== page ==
Stuck in a global pandemic lapped up in anxiety, elected leaders clowning while playing on sobriety – 2020 has not exactly been the brightest of times. But fear not for the digital age is here to our rescues, being just like alcohol – the problem and the solve.
Along with several other streaming platforms such as Amazon Prime, Disney+, and Hulu – Netflix has been keeping us company and a tremendously active one at that, during these gloomy times. Let’s have a look at some of its engaging content that hooked us, entertained us, and made us think through a pandemic.
1. Dolly Kitty Aur Woh Chamakte Sitare
Beginning at the latest – Dolly Kitty Aur Woh Chamakte Sitare hit the small screens only recently. The quirky tale of two sisters on an offbeat path to feminism shines from its title to its credits. Hosting a melee of acclaimed performers – the film belongs to more unheard voices than one can guess at first glance. Konkona Sensharma, giving an insight into the “nosy aunty” through her character Dolly; and Bhumi Pednekar bursting the myths of being a young girl in a big city with her Kitty – glitter in this though-worthy film.
2. Enola Holmes
Speaking of feminist narratives, we cannot forget Eleven’s latest venture. Last seen in BBC produced Sherlock, Sherlock Holmes’ sister fell just short of being aspirational in the television series where her character was shown as a manipulative genius. Enola Holmes, however, corrects this storytelling by introducing a young, bright woman who is constantly jumping through the incessant hoops of patriarchy. Millie Bobby Brown’s bold and powerful stance makes for a fun watch and, a fair chance to the sidetracked brilliant Holmes sister.
Another Vikrant Massey starrer – someone has rightly said that Vikrant Massey of late, has become the Radhika Apte of Netflix. Silently glowing in the role of a dignified Spaceship Captain, this one ‘Asur’ is probably our favorite. Told employing Indian mythology as a background, this sweet film is deeper than its surface allows for. Subtly infusing concepts of rebirths and life after death – this film lightly raises several questions and vanishes into mystery. The treatment is light and casual, yet makes your time very well spent.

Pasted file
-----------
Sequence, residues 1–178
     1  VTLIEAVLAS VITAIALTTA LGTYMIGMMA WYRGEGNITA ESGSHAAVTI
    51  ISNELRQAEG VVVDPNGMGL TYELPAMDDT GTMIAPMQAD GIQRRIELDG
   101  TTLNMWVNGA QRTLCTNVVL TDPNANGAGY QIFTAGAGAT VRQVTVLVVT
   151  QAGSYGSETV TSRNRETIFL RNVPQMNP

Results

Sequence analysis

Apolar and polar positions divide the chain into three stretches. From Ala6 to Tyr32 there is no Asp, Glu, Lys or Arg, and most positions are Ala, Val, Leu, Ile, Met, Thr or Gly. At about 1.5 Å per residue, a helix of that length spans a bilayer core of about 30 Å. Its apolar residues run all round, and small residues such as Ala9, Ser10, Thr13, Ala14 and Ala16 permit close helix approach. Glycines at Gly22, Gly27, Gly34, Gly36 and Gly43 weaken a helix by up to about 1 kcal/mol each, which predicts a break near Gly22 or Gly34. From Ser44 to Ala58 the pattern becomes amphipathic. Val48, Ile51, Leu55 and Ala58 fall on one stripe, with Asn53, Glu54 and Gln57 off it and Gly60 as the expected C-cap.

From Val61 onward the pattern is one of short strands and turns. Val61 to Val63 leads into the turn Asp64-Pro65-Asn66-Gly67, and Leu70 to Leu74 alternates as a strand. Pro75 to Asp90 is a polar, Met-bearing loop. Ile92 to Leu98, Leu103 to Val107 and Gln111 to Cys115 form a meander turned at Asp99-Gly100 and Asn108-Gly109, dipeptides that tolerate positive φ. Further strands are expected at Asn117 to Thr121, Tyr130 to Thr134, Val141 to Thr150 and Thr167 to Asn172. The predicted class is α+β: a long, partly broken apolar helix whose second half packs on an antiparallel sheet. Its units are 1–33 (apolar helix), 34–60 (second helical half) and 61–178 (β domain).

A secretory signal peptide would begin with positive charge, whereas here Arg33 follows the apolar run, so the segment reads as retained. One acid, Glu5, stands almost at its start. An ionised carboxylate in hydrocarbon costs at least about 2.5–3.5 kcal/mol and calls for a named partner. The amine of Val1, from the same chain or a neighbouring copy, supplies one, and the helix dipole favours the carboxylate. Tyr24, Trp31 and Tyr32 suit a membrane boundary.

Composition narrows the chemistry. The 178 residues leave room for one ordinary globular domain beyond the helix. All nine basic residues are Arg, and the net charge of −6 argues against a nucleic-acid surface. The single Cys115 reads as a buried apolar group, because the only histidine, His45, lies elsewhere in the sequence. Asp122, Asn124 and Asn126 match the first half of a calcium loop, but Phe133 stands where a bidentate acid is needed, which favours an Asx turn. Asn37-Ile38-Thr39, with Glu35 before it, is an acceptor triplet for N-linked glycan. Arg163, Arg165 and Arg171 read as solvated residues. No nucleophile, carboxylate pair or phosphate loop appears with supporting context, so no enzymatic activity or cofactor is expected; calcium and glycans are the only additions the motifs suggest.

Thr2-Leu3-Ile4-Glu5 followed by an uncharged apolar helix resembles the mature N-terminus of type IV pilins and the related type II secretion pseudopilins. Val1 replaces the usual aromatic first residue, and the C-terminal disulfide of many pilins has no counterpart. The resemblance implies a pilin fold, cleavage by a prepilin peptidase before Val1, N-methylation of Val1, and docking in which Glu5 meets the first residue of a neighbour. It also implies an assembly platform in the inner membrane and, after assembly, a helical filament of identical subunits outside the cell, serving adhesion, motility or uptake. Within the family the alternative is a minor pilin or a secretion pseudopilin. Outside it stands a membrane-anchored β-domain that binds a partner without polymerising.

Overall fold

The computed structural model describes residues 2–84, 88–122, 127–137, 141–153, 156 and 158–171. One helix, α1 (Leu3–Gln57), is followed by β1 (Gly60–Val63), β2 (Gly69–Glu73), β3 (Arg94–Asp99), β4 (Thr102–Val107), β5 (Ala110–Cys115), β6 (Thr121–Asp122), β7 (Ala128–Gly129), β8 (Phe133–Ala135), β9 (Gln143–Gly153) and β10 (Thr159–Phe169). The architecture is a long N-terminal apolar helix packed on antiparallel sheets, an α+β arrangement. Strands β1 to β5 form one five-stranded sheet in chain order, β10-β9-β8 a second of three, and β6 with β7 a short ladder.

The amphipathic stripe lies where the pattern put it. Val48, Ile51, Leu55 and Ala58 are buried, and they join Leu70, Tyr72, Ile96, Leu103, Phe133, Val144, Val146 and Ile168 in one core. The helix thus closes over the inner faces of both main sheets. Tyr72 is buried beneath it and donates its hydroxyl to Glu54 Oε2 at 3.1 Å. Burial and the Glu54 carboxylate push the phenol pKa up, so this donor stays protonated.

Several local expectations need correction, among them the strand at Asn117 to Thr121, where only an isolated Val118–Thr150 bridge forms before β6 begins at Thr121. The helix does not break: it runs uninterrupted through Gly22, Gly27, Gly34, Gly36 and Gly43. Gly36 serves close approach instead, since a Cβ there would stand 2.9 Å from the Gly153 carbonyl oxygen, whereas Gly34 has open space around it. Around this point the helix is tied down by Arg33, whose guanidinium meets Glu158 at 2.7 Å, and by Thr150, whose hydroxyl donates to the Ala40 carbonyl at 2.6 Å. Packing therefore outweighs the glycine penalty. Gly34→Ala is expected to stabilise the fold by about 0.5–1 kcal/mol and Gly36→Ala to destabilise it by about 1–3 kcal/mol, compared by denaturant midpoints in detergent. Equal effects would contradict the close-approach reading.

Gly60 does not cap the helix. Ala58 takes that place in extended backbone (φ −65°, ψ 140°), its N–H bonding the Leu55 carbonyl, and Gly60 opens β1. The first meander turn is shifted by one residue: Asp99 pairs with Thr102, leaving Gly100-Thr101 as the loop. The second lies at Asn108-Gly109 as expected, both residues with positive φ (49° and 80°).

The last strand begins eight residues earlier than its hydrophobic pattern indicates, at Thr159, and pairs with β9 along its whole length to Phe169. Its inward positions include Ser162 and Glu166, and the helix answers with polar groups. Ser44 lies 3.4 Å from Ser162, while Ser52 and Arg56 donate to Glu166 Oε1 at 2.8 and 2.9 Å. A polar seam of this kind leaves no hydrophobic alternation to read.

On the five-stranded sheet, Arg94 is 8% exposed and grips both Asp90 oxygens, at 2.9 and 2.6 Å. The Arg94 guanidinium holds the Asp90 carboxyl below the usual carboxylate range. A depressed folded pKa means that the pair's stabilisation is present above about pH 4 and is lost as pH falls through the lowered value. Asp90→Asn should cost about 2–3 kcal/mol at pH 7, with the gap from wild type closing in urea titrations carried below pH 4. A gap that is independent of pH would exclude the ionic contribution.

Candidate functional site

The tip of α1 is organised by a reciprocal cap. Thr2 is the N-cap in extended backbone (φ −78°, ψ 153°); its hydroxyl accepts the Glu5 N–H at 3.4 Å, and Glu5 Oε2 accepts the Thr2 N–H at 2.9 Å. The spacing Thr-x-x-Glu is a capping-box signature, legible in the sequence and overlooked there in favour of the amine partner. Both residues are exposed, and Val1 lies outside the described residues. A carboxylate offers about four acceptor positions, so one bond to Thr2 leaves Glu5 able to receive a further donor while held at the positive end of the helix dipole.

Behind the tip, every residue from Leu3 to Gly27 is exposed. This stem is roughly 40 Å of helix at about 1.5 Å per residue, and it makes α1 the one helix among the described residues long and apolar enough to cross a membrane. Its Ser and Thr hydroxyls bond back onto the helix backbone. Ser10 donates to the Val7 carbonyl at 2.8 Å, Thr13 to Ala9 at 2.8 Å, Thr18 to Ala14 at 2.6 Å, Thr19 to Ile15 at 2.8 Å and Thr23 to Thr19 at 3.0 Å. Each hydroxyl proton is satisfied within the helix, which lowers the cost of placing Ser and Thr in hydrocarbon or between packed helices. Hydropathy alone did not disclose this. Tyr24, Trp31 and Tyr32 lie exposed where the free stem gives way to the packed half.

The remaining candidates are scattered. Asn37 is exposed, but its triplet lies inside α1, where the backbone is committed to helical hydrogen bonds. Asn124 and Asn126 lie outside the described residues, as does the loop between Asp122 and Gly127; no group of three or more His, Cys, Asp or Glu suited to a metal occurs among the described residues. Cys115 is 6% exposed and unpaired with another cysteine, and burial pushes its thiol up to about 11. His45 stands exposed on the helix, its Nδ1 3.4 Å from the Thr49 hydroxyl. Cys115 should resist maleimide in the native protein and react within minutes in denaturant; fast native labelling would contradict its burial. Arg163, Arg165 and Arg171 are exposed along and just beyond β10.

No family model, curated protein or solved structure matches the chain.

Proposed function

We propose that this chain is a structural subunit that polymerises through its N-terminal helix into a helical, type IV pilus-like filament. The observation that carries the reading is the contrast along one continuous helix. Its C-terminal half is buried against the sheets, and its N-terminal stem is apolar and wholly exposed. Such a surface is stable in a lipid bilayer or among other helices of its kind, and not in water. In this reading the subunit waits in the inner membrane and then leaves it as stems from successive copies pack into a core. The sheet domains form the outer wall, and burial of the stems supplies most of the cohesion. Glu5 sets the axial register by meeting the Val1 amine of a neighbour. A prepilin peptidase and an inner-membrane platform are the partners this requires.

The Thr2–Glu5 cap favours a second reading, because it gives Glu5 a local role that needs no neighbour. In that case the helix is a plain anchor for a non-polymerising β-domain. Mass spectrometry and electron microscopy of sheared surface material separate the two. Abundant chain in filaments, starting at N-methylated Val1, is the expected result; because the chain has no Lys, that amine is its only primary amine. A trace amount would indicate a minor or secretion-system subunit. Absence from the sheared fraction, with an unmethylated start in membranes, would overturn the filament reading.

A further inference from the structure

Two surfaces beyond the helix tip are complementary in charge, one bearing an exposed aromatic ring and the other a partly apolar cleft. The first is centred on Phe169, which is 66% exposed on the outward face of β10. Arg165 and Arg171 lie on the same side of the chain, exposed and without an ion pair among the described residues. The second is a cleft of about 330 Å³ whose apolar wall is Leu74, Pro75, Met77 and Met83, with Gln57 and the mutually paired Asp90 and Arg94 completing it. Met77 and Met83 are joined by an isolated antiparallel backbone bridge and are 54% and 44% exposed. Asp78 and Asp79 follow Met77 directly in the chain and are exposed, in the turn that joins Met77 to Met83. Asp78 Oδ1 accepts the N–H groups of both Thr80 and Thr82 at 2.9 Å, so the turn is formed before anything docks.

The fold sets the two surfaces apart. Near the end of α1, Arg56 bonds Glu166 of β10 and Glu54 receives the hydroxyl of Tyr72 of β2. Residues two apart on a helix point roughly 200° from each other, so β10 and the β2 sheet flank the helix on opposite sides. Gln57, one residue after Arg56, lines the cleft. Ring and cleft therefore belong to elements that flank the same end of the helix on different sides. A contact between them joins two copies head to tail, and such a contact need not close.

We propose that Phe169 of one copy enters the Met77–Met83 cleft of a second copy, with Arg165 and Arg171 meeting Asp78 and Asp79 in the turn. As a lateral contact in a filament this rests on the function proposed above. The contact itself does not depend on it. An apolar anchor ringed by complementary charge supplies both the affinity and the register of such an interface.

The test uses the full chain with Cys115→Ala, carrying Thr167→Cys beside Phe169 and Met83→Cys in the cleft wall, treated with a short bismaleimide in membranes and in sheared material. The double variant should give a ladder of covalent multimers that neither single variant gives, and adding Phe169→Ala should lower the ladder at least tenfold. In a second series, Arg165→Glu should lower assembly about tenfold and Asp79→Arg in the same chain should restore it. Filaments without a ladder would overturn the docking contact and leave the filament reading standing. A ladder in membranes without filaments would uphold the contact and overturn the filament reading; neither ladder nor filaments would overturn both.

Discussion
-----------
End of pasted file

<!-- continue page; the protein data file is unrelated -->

4. Never Have I Ever
This US sitcom by Mindy Kaling is a beautiful coming-of-age tale wrapped up in the guise of a teen drama. Life for a first-generation Indian-American, Devi, is refreshingly devoid of any stereotypical pet-peeves. She is clumsy, hopeful, young, and charmingly real. The best suggestion about this series is probably to not judge it by its title. What might come off as yet another teenage chick-flick, is actually a positive, fulfilling, and respectful take at growing up. Not growing up an NRI, or even growing up Indian. Just growing up – if one can stop themselves from culturally appropriating creative content for once.
5. Raat Akeli Hai
To list Netflix contents, and not include Radhika Apte – is that even possible? First and foremost, to burst the bubble: no, it is nothing like Knives Out. This is not a Hindi version of Knives Out. The only similarity between the two is their both centering around investigating a joint family. The similarities stop there. Raat Akeli Hai is a social commentary more than it is a thriller. Brimming with stellar performances from Nawazuddin Siddiqui, Radhika Apte, and the like – Raat Akeli Hai is not an adaptation, but a film rightfully of its own.
Do let us know if you would like to suggest some honorable mentions. What did you like watching most on Netflix this year?